Plus, missing the race just means I get to head up to Santa ynez valley a day earlier than planned. And that’s not so bad.
Ever since he can remember, Ross Sonnenberg has been fascinated with space. In his Color Bang series, Ross uses some unconventional materials to create images of solar systems and swirling nebulae. He writes:
With this series I have tried to create imaginary solar systems and super novas using different materials, and fireworks for my light source to make one-of-a-kind camera less images directly onto color and black and white photographic paper.
The starting point for this project was my interest in identity, social commentary and storytelling through mixed media, such as drawings, prints, photographs and other found materials. As an artist, I attempt to take the viewer on a creative journey, showing them the process of my art making with collage and altered imagery.
Dada and surrealism were particularly helpful points of reference for me because artists like Man Ray and Tristan Tzara, happily moved between different media and the idea motivating the art was viewed as more important than the artwork itself. I began to adopt a more progressive and process-oriented approach, which allowed me to produce work that was both instinctual and aesthetically appealing.
During tutorials Tara suggested places to visit and artists to look-up. The Photography Show at the NEC in Birmingham was probably the most influential. Although I don’t class myself as a photographer- rather, an artist who uses photography- the event encouraged me to follow the path of documentary photography/filmmaking. I wanted to lift my work from the page and engage in more time-based work.
I admire artworks for how they are made. Acknowledging the creator and knowing about how an artwork came to be changes the way I think about it. So I decided to present, as the object of study, the contemplation of an exhibition rather than an individual piece.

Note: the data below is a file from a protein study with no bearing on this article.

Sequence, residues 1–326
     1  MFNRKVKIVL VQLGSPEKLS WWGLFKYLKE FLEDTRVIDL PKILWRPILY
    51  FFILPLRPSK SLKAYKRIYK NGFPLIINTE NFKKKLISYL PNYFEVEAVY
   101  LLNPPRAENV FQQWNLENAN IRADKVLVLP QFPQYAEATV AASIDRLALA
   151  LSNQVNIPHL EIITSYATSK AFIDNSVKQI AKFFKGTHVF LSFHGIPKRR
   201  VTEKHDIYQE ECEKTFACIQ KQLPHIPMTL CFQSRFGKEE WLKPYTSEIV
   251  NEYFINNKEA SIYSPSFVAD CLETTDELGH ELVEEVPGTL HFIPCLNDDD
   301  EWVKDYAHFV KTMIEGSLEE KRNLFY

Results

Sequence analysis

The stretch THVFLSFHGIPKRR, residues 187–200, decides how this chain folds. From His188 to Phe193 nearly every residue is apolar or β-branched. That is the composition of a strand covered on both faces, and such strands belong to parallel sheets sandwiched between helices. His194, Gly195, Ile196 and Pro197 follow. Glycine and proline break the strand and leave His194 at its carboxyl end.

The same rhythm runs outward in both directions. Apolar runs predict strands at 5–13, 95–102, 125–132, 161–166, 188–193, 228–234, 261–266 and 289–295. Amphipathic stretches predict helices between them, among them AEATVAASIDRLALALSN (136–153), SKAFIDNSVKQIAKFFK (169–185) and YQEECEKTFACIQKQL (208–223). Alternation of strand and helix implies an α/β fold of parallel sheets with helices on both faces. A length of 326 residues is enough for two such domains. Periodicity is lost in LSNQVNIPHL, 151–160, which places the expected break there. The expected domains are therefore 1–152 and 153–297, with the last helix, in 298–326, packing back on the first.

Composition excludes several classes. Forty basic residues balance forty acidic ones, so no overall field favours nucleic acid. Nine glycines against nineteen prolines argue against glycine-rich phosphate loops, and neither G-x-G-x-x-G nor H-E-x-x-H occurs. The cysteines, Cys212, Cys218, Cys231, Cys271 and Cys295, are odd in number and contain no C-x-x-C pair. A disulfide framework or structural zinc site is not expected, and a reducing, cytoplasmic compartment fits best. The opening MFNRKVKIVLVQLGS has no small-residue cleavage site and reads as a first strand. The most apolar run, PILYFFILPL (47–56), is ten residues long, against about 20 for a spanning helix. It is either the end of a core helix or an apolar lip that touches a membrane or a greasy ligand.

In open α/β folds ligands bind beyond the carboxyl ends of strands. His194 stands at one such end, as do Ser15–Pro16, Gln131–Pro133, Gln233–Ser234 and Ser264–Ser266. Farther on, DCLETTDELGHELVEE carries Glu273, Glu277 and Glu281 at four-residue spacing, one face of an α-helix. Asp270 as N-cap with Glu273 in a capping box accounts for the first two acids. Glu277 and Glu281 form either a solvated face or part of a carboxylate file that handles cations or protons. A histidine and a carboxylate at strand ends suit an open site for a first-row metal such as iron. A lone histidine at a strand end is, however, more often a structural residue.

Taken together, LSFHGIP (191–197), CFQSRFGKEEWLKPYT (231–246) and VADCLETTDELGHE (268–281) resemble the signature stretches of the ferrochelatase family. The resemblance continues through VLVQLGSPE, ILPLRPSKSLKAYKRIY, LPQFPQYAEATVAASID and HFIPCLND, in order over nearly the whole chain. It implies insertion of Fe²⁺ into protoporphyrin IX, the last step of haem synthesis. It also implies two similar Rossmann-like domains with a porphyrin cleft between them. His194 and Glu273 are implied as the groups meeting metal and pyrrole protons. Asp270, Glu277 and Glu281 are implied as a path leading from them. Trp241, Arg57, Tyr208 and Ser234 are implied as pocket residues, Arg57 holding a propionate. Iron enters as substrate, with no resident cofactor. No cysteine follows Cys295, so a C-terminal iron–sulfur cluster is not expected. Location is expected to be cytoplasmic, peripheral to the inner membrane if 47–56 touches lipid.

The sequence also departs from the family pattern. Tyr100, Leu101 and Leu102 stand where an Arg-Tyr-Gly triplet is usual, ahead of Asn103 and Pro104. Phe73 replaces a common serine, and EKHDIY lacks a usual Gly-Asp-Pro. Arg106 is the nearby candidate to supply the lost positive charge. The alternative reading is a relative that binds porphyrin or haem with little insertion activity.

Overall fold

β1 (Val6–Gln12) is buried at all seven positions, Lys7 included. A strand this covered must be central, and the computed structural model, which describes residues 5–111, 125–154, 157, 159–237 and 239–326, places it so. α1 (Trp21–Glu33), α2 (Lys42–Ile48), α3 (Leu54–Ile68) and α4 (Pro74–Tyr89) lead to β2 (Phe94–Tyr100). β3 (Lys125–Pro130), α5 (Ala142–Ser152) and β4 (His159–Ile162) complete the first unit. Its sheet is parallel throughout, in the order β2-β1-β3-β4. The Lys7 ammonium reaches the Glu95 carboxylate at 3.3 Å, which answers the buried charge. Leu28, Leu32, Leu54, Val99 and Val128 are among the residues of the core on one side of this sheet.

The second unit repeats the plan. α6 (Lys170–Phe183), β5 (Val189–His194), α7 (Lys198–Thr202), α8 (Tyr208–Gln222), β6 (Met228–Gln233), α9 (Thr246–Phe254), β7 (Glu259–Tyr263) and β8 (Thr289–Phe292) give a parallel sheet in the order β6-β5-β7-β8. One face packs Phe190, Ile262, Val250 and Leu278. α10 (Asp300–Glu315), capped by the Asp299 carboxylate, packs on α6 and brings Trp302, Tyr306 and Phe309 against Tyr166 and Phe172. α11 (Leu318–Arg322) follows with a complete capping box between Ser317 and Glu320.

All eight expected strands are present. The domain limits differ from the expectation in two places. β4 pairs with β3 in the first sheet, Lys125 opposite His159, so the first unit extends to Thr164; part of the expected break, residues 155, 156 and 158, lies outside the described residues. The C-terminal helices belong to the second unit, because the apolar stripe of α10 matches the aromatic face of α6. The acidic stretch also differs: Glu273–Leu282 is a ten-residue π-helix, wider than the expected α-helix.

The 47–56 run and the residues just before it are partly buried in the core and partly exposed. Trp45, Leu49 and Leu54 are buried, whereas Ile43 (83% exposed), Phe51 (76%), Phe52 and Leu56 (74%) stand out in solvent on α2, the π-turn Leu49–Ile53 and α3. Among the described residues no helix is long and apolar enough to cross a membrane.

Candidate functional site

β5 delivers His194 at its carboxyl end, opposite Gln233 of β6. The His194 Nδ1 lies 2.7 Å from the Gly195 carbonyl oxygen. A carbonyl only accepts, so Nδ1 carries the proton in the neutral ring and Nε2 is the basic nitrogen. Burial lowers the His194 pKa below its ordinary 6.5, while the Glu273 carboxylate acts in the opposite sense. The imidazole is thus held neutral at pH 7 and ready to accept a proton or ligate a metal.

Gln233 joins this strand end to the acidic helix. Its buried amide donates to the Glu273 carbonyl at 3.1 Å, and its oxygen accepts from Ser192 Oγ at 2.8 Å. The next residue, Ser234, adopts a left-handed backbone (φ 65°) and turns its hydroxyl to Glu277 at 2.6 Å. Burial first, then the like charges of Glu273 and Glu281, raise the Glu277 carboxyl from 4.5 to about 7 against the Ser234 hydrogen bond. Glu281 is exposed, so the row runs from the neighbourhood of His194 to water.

Practice as research
In search of an idea, I realised that the idea was ‘me’. I decided to put up a mirror in front of myself, so to speak, and say “YOU are the artist, it’s time to let people know.” My interest in the dance community and how choreography and dress empowers people motivated me to present this culture to others. Filming and recording the weekly dance sessions I attended uncovered an interesting narrative.
I also interviewed my dancer/choreographer friends and these discussions, paired with my own experience of dance, revealed themes of power and vulnerability. Some dancers feel powerful when they perform in front of an audience, describing it as being like ‘wearing a mask’ and becoming utterly confident. While others (like myself) feel exposed and vulnerable when asked to perform in front of others, so I became interested in confidence building and empowerment through movement, space and costume.
My contextual research was an ongoing process and while looking for surrealist influences, I came to learn more about the late Alexander McQueen. His fashion designs and shows were presentations of dreams and stories. He is most renowned for putting emotion onto the catwalk, successfully merging light and darkness, joy and bitterness, sensuality and decay, sorrow and happiness in a sort of impossible communion. He also sought to involve the audience at every stage of the process- live streaming his shows from 2010 onwards.